Tips from Other Journals

Regional Anesthesia Reduces Operation-Related Mortality



FREE PREVIEW Log in or buy this issue to read the full article. AAFP members and paid subscribers get free access to all articles. Subscribe now.


FREE PREVIEW Subscribe or buy this issue. AAFP members and paid subscribers get free access to all articles.

Am Fam Physician. 2001 Jun 15;63(12):2457-2458.

Anesthesia is generally classified as general or regional. General anesthesia achieves central neurologic depression, and regional anesthesia is administered directly to block nerve input. The most common forms of regional anesthesia are neuraxial blockade of the subarachnoid space (spinal) or the epidural space surrounding the spinal fluid sac (epidural). Although there are many reasons that surgery is associated with an increased risk of mortality, it is unclear if the type of anesthesia influences this risk. Rodgers and colleagues studied the effect of general or spinal and epidural anesthesia on postoperative mortality and morbidity.

The authors searched electronic databases and the references of key publications to identify randomized, controlled trials involving spinal or epidural anesthesia. Each potential study was reviewed by two researchers, and the authors of the study were contacted to verify data, obtain any unpublished data and identify any additional studies relevant to the project. Of the 158 potential trials identified, 17 were excluded. The remaining 141 trials involved 9,559 patients randomized to general or regional anesthesia.

Within 30 days of randomization, 247 deaths were recorded. The rate of death was 2.1 percent in patients receiving epidural or spinal anesthesia and 3.1 percent in those receiving general anesthesia. This decline of one death per 100 patients in the regional anesthesia groups resulted from reductions in pulmonary embolism, cardiac events, stroke, transfusion requirements, infections and respiratory depression. No difference was demonstrated in mortality between epidural and spinal anesthesia groups, and the type or location of surgery did not influence the result. The odds of deep venous thrombosis were reduced by 44 percent, those of pneumonia by 39 percent and those of respiratory depression by 59 percent in the patients receiving neuraxial blockade. Use of epidural or spinal anesthetic halved transfusion requirements and was associated with a reduction in myocardial infarction and renal failure (see accompanying table).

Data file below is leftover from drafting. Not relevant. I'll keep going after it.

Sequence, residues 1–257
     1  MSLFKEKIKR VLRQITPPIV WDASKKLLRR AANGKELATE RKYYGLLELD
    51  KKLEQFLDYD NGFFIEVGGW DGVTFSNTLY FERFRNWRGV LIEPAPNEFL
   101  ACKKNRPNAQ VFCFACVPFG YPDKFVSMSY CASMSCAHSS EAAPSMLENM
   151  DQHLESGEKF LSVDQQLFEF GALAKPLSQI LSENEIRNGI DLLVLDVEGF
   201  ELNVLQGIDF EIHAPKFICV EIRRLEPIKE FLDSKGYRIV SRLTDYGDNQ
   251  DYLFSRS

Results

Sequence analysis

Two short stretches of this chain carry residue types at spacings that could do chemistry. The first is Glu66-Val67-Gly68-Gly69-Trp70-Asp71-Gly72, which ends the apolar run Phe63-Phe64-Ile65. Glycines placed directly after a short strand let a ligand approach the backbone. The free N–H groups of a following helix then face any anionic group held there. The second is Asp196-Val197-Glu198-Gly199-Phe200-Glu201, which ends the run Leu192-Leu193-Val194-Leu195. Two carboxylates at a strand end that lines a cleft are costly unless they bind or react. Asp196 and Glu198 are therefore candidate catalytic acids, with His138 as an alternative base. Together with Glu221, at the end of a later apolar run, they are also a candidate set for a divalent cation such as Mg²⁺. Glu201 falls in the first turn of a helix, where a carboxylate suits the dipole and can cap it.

Effects of Neuraxial Blockade (NB) on Postoperative Complications

Events
Complications NB (N = 4,871) No NB (N = 4,688) Odds reductions

Vascular events

Deep venous thrombosis

145

220

44% (10)

Pulmonary embolism

30

66

55% (15)

Myocardial infarction

45

59

33% (17)

Stroke

19

23

15% (29)

Bleeding

Perioperative transfusion >2 units

193

280

50% (10)

Postoperative bleeding requiring transfusion

31

69

55% (15)

Infection

Wound infection

29

33

21% (24)

Pneumonia

149

238

39% (9)

Death from other infective causes

2

10

67% (36)

Other events

Respiratory depression

26

38

59% (19)

Renal failure

18

32

43% (22)


Adapted with permission from Rodgers A, Walker N, Schug S, McKee A, Kehlet H, van Zundert A, et al. Reduction of postoperative mortality and morbidity with epidural or spinal anaesthesia: results from overview of randomised trials. BMJ 2000;321:1495.

Effects of Neuraxial Blockade (NB) on Postoperative Complications

View Table

Effects of Neuraxial Blockade (NB) on Postoperative Complications

Events
Complications NB (N = 4,871) No NB (N = 4,688) Odds reductions

Vascular events

Deep venous thrombosis

145

220

44% (10)

Pulmonary embolism

30

66

55% (15)

Myocardial infarction

45

59

33% (17)

Stroke

19

23

15% (29)

Bleeding

Perioperative transfusion >2 units

193

280

50% (10)

Postoperative bleeding requiring transfusion

31

69

55% (15)

Infection

Wound infection

29

33

21% (24)

Pneumonia

149

238

39% (9)

Death from other infective causes

2

10

67% (36)

Other events

Respiratory depression

26

38

59% (19)

Renal failure

18

32

43% (22)


Adapted with permission from Rodgers A, Walker N, Schug S, McKee A, Kehlet H, van Zundert A, et al. Reduction of postoperative mortality and morbidity with epidural or spinal anaesthesia: results from overview of randomised trials. BMJ 2000;321:1495.

The authors conclude that neuraxial blockade with spinal or epidural anesthesia significantly reduces postoperative mortality and morbidity. They call for further research to clarify the scope of the benefit and for more widespread use of regional, rather than general, anesthesia.

Rodgers A, et al. Reduction of postoperative mortality and morbidity with epidural or spinal anaesthesia: results from overview of randomised trials. BMJ. December 16, 2000;321:149–7.


Copyright © 2001 by the American Academy of Family Physicians.
This content is owned by the AAFP. A person viewing it online may make one printout of the material and may use that printout only for his or her personal, non-commercial reference. This material may not otherwise be downloaded, copied, printed, stored, transmitted or reproduced in any medium, whether now known or later invented, except as authorized in writing by the AAFP. Contact afpserv@aafp.org for copyright questions and/or permission requests.

Want to use this article elsewhere? Get Permissions


Article Tools

  • Print page
  • Share this page
  • AFP CME Quiz

Information From Industry

Navigate this Article